Seen here is the outside of the building housing the PLA's Unit 61398, the military organization that has been accused of cyberspying.

Seen here is the outside of the building housing the PLA's Unit 61398, the military organization that has been accused of cyberspying. AP Photo

3 Questions on Obama's New Cyber Sanctions Order

An executive order permitting the Treasury Department to sanction 'malicious' cyber criminals leaves key details out.

President Obama signed an executive order today that allows the U.S. Department of the Treasury to sanction individuals or entities involved in “significant malicious cyber-enabled activities” (you can read the order here). The sanctions, which could involve travel bans to the United States or the seizure of funds, would be levied against those who engage in attacks that disrupt or destroy critical infrastructure networks, or who steal intellectual property or trade secrets. State-owned enterprises or entities that benefit from cyber espionage could also be the target of sanctions.

This is, as others have noted, a big deal. For years, pundits, including myself, have been saying that the costs of hacking had to be raised, and the next steps would be sanctions targeting individuals. In a June 2014 Asia Unbound podcast, Special Advisor to the President and Senior Director for Asian Affairs at the National Security Council Evan Medeiros hinted that after indicting the five PLA hackers, the Obama administration was thinking about how to penalize the state-owned enterprises that were the recipients of the stolen intellectual property.

Three quick questions:

How and how often the order will be implemented? It is unlikely to have much effect on North Korean and Iranian hackers, since both of those countries are already under substantial sanction regimes. The same might be said of Russia, since the United States and its European allies have levied sanctions in the wake of the crisis in Crimea. Does that mean China is the main target? Even if it is China, the idea might be to deter the next generation of hackers rather than prevent the current wave of attacks. That is, a PLA attacker may not think much about travel to the United States now, but a college student who has not yet traveled down that road might think twice. They may still have dreams of visiting Los Angeles.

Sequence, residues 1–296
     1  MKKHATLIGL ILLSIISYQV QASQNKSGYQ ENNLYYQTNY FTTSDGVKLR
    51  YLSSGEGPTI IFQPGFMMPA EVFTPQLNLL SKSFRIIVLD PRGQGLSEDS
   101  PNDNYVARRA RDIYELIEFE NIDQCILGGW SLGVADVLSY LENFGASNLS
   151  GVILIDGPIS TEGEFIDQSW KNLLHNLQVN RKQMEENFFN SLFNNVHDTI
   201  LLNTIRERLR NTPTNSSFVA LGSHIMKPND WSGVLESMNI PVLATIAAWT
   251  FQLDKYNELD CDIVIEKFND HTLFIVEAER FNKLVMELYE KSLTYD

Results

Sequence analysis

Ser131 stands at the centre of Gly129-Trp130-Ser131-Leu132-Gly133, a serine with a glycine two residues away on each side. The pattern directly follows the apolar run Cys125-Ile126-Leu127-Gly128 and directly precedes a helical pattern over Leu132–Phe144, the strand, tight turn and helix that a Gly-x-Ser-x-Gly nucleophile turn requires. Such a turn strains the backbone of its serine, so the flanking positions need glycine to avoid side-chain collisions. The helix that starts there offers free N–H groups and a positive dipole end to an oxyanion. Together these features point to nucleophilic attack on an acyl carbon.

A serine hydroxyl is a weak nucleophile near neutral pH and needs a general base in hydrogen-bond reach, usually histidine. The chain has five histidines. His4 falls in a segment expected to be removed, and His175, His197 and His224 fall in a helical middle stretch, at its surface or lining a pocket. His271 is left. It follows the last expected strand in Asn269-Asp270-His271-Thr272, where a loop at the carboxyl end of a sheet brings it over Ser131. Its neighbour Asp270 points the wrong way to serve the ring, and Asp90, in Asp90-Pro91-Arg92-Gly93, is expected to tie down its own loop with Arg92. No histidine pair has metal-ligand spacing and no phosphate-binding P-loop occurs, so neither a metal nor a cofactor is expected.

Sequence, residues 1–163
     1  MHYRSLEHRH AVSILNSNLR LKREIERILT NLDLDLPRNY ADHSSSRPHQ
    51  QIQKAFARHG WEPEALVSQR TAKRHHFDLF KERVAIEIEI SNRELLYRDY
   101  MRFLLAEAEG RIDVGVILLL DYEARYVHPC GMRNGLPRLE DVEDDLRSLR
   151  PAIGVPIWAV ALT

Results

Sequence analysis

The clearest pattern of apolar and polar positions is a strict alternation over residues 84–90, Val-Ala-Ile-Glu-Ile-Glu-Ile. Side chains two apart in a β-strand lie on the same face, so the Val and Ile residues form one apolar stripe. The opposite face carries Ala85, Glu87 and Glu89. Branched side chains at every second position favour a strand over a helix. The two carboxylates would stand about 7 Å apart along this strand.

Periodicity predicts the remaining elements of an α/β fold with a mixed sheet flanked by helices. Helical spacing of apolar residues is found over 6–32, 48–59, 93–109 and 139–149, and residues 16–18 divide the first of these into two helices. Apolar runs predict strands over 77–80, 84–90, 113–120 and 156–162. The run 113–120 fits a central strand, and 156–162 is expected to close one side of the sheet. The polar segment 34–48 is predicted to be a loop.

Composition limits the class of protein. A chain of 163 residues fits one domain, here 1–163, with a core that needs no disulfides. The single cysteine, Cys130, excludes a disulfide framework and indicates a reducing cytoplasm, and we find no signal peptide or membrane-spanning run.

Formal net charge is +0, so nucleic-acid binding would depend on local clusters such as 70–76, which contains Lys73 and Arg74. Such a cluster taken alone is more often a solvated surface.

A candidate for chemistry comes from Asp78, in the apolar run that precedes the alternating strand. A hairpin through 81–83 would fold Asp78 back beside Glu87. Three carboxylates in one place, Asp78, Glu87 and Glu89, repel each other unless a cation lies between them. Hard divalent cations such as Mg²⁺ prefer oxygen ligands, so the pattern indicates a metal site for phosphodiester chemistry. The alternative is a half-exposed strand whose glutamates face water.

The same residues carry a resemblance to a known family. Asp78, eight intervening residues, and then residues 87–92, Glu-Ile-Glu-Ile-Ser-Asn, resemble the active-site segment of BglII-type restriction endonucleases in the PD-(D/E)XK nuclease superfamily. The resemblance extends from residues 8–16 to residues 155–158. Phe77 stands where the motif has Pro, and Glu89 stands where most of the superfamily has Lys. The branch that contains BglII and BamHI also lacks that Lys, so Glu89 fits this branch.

If China is the main target, what does Washington think Beijing’s response will be? Right now, the two sides are involved in a complicated dance, where each step seems to be matched by the other. The United States claims China is behind attacks on U.S. networks, China claims the United States is the real evil empire in cyberspace, hacking the entire world. Beijing uses Washington’s demands for backdoors in encryption as justification for similar demands in the revised anti-terror law. Chinese and U.S. tech companies are blocked from each other’s market because of security concerns. If the United States places a travel ban on a Chinese hacker, should NSA employees think twice before they book a tour to see the Forbidden City? Where does the tit-for-tat end?

Finally, the executive order says any case must be supported with evidence that can withstand a court challenge. Does that mean we should expect to see the government roll out even more technical details to be used for the attribution of attacks? In the past, the intelligence agencies have hesitated because they wanted to protect their sources and methods. Will the order result in the NSA and others burning more intelligence to levy sanctions?

We will have to wait and see how these three questions play out, but there is no doubt that this is a major policy development.

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